It was Bertillon’s contribution to the forensic sciences that influenced Dr. Edmond Locard, the vanguard of forensic science. He was the director of the first crime laboratory, in Lyon, France and worked as a medical examiner during World War I.
Like Alphonse Bertillon, Locard too advocated the use of scientific studies for criminal investigation. According to him, “Il est impossible au malfaiteur d’agir avec l’intensité que suppose l’action criminelle sans laisser des traces de son passage.” which translates to “It is impossible for a criminal to act, especially considering the intensity of a crime, without leaving traces of his presence.” He tested this principle of exchange during many of his investigations.
In 1930, Locard published three papers in the American Journal of Police Science which are now known as Locard’s Theory of Exchange
Other significant contributions by Locard involves dactylography, which is an area of study that deals with fingerprints. He developed poroscopy, which is the study of fingerprint pores and the impressions produced by these pores.
Application of Locard’s Exchange Principle
One of the best ways to demonstrate how Locard ‘s theory is applied, we take an instance of an investigation done by Locard himself. In 1912, while investigating the death of a Frenchwoman named Marie Latelle, the police questioned her boyfriend Emile Gourbin. He claimed he was playing cards with his friends, and when questioned, the friends attested to this fact. When the corpse was examined by Locard he found evidence of death by strangulation.
He scraped underneath the boyfriend’s fingernails to look for skin cell samples. On close examination under a microscope, Locard found a pink dust in the cell samples. He figured this was makeup and although popular, makeup was not very widely manufactured. After searching further he found a chemist who made custom-made powder for the deceased woman and a match was made. With all evidence against him, Gourbain confessed of murder and tricking his friends into believing his alibi.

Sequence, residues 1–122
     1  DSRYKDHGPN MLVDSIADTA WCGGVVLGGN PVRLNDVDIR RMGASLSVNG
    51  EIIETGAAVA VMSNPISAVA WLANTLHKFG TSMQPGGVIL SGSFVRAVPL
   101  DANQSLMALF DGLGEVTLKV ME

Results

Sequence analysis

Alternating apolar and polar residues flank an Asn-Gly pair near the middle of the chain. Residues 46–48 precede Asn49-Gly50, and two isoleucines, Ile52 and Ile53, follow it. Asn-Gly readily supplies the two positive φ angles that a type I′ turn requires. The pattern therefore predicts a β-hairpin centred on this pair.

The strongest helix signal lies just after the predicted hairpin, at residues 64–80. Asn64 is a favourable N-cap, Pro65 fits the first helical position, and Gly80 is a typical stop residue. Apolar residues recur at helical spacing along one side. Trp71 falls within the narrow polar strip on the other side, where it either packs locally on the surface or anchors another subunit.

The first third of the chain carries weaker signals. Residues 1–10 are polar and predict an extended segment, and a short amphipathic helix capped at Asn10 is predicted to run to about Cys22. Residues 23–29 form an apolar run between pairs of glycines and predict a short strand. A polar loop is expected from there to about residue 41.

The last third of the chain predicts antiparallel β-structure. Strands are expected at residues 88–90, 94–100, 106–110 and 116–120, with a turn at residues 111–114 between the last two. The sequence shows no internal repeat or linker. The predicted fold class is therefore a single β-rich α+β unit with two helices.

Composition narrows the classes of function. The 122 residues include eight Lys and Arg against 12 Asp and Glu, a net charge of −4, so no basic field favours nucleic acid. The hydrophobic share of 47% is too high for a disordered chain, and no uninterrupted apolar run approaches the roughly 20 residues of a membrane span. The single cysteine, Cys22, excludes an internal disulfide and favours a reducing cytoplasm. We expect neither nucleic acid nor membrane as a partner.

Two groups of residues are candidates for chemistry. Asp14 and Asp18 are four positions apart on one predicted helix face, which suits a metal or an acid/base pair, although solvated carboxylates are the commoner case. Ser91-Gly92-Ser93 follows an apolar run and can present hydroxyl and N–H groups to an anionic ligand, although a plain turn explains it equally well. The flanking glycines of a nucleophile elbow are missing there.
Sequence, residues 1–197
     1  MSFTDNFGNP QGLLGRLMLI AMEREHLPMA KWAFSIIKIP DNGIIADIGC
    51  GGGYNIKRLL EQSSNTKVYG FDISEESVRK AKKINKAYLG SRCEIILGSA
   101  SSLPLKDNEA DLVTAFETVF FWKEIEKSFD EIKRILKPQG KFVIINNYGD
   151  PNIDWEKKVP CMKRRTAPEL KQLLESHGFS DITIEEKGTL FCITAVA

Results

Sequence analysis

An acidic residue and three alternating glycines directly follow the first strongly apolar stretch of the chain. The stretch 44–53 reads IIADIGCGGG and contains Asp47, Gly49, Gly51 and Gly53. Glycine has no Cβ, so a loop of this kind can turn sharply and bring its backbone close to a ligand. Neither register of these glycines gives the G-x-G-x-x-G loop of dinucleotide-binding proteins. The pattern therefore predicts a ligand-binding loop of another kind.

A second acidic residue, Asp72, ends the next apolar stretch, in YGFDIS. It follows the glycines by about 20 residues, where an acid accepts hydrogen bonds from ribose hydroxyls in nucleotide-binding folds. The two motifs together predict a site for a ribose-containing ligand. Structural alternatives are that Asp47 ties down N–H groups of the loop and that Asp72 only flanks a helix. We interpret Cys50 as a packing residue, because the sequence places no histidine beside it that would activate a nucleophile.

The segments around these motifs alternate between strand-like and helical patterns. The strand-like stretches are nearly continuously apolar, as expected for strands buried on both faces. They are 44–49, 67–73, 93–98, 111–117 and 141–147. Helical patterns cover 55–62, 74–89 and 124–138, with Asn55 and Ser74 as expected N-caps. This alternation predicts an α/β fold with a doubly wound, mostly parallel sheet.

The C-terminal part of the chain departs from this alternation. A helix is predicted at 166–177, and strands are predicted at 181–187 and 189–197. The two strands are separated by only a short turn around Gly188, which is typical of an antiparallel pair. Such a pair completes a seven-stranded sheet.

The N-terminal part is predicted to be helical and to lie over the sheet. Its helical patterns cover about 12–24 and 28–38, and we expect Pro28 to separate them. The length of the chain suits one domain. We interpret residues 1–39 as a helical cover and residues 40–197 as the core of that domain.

Is it Possible to Get Away With “A Perfect Crime”
According to Locard’s “every contact leaves a trace” theory, it is impossible to commit a crime without leaving behind fragmentary (or trace) evidence. It is the investigators job to collect the physical evidence and carefully examine it, so as to create systematic documentation. The documentation of the physical evidence along with the statements of the witness, suspects, and victims help in crime reconstruction.
According to criminalist Dr. Richard Saferstein, The physical evidence left behind at the crime scene plays a crucial role in reconstructing the events that took place surrounding the crime. He further states that, the collection and documentation of physical evidence is the foundation of a reconstruction.
The trace evidence can be divided into:
Natural evidence (soil, pollen, seeds and plants)
The Drawbacks of Locard’s Theory
One of the greatest drawbacks of Locard’s exchange theory lies in evidence dynamics. This refers to the alteration of physical evidence before it has been examined by investigators. There are many factors that can lead to the tampering and destruction of evidence.
- Staging (manipulation of objects in crime scene) by the offender
- Secondary transfer of evidence
- Actions of the victim before the crime
- Witness actions
- Natural factors like animal or insect activity, weather, decomposition.
- Fire suppression efforts
- Actions of police, scene technicians and medical personnel.
These factors can lead to the removal or obliteration of the evidence. They can often mislead the investigators and cause problems with crime reconstruction. Misinterpretations or misleading evidence can lead to inaccurate crime reconstruction. To avoid this, the investigator needs to make sure that the crime scene investigation and reconstruction is carried out with care.